The protracted question of Greece’s financial affairs continues to be of intense interest to Europe and the wider international community. Greece’s negotiations with the troika — the European Commission, the International Monetary Fund, and the European Central Bank — around a new bailout and structural reforms were extremely fraught. If Lithuanian President Dalia Grybauskaite’s “it is every time mañana“ outburst against Greek failure to produce proposals could conceivably be described as the light relief, the more sobering scene-setting came the next day when it was announced by European Commission President Jean-Claude Juncker that detailed plans for “post-Grexit” humanitarian aid for Greece had already been made.
The stakes will remain high and the hurdles substantial. Whatever the formal outcome of the Brussels negotiation, there remains intense parliamentary and popular opposition in Greece, which could cause the deal and its implementation to falter or derail, be it in the next few days or in the months and years to come. Even Eurozone members cannot be described as unanimous on the best approach for Greece. Europe will suffer political and economic fallout whichever way the decision finally tips.
Meanwhile, Moscow watches. Russia is aggressive and re-assertive, militarily engaged inside Ukraine, and struggling with its own battle over sanctions with the EU. It has much to gain strategically by weakening the EU, within which there is already much Euro-skepticism amongst political parties across Europe. Russia will be looking to test the weaker links of the Eurozone and will benefit from fashioning a more favorable and influential relationship with Greece.
With a team of its Russia analysts, Wikistrat — the world’s first crowdsourced consultancy — took a look at the apparent drawing together of Russia and Greece in this context. It looked at what strategic interest Russia has in Greece and whether a bailout — or similar “strings attached” financial support — might be something the Russians could plausibly offer to Greece. It pulled together its findings in a report “Russia-Greece Relations: Playing a Game of Flirtation.” These ideas are summarized here.
The Tsipras government has made use of brinkmanship as a tactic in its approach to dealing with the EU. This approach has seen it publicly cast around in the direction of Russia, with whom it has strong historic, economic, cultural, and religious ties. Russia was the first to congratulate Mr. Tsipras when he led his Syriza party to victory in the Greek election in January, and the new Greek government was very quick to return the compliment with a formal visit to Moscow. The Greek government appeared uncomfortable at being part of the EU’s anti-Russian economic sanctions even though it held the line during the sanctions extension last month.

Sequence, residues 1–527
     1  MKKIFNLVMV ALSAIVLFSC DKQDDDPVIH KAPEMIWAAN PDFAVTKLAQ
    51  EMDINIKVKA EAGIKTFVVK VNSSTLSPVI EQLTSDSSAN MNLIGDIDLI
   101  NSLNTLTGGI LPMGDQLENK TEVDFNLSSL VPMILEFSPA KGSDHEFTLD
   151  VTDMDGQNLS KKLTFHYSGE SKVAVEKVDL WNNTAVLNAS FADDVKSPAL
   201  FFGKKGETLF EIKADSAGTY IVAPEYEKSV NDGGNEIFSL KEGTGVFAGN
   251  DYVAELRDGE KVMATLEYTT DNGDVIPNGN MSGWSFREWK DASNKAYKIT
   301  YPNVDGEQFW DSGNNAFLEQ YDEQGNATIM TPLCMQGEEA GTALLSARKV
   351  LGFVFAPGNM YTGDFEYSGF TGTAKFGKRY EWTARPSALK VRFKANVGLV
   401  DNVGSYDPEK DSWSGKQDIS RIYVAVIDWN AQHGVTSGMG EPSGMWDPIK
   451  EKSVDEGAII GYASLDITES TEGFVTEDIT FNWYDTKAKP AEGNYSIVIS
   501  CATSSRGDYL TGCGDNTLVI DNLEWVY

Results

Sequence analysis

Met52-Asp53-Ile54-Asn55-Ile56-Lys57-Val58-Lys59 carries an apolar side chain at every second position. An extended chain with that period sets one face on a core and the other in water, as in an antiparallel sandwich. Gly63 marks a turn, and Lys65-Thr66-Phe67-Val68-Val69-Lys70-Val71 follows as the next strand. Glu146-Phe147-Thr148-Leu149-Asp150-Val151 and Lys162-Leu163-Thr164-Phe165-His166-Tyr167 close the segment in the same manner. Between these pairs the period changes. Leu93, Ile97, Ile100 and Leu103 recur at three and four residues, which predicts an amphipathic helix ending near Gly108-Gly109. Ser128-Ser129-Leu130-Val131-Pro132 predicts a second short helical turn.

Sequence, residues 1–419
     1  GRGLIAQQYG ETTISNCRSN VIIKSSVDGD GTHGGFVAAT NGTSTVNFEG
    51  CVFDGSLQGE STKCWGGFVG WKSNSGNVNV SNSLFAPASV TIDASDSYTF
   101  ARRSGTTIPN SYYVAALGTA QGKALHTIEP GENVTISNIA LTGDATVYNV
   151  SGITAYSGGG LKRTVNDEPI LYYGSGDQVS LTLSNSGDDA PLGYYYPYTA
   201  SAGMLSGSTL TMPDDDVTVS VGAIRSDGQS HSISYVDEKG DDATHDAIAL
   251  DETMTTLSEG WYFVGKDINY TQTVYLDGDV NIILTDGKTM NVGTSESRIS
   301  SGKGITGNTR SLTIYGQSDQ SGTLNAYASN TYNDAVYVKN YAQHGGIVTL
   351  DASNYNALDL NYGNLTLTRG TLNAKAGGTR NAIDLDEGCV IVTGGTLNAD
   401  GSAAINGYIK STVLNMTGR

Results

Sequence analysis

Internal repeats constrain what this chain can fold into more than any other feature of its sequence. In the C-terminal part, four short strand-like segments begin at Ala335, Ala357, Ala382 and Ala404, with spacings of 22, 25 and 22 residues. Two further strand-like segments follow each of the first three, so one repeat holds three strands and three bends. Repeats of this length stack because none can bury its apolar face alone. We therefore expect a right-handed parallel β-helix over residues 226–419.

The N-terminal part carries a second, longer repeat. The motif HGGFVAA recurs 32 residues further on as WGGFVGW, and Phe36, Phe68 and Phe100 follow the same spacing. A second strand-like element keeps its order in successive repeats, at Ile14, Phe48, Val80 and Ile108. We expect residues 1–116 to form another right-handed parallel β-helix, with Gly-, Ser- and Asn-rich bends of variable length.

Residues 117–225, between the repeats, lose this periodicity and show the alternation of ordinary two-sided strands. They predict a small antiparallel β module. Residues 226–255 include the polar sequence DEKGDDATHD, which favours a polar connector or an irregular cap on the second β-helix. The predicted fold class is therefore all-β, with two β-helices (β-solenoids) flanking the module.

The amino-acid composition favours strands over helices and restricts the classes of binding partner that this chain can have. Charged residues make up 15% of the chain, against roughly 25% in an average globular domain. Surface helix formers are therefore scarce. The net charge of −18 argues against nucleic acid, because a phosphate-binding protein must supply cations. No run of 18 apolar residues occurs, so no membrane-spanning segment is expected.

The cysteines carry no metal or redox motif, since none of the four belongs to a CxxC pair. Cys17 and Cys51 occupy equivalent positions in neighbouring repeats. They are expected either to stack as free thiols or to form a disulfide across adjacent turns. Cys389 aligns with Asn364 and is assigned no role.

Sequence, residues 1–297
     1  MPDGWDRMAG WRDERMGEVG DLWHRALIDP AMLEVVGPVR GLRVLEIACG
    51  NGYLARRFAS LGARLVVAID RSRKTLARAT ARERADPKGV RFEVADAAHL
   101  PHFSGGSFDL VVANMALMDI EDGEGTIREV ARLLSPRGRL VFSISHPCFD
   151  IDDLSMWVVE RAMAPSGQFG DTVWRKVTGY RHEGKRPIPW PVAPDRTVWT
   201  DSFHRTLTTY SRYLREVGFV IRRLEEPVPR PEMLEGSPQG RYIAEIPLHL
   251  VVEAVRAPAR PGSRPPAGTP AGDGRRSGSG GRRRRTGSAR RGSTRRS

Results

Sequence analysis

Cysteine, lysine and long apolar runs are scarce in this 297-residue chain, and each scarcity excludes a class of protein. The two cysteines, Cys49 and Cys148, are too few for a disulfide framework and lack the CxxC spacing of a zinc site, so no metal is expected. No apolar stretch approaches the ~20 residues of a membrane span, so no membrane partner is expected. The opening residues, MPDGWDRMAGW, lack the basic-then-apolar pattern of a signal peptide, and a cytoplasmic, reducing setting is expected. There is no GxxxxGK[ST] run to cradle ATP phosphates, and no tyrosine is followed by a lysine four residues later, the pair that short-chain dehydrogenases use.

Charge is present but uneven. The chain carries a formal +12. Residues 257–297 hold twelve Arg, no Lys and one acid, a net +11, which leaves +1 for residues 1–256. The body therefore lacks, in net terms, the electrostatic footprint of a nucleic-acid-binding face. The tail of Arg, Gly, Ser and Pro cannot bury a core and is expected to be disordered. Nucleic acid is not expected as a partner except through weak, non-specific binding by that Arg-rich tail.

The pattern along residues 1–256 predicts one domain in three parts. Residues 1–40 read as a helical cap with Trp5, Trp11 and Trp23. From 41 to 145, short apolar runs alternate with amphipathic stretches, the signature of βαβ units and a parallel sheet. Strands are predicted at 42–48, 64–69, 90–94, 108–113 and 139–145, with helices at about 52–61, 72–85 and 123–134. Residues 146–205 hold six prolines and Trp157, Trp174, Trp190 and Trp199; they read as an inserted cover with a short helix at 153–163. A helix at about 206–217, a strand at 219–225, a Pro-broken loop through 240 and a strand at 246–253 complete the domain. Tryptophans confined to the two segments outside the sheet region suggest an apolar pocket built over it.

Although there are clearly economic risks to Russia that arise from the European crisis, Russia is deriving particular benefits from Greece’s troubles. The recent Moscow–Athens dialogue has boosted Russia’s soft power and made headlines around the world. A Gazprom pipeline and distribution hub should be functioning in Greece by 2020. The Greeks may well be offered a full place on the BRICS team. On the eve of the first anniversary of the shooting down of Malaysian Airlines flight MH17 over eastern Ukraine, Mr. Putin will likely be praying that the world’s media will remain absorbed with the compelling but complex Athens versus Brussels drama.
Russia’s ultimate geostrategic desire is to strengthen its own foothold in Europe and see a more fragmented European Union. A key goal is to gain allies (the more beholden and malleable the better) within European institutions. These would be strategic assets: The EU is a key factor in setting the tone for the West’s policy towards Russia regarding its involvement in the Ukrainian conflict and its occupation of Crimea.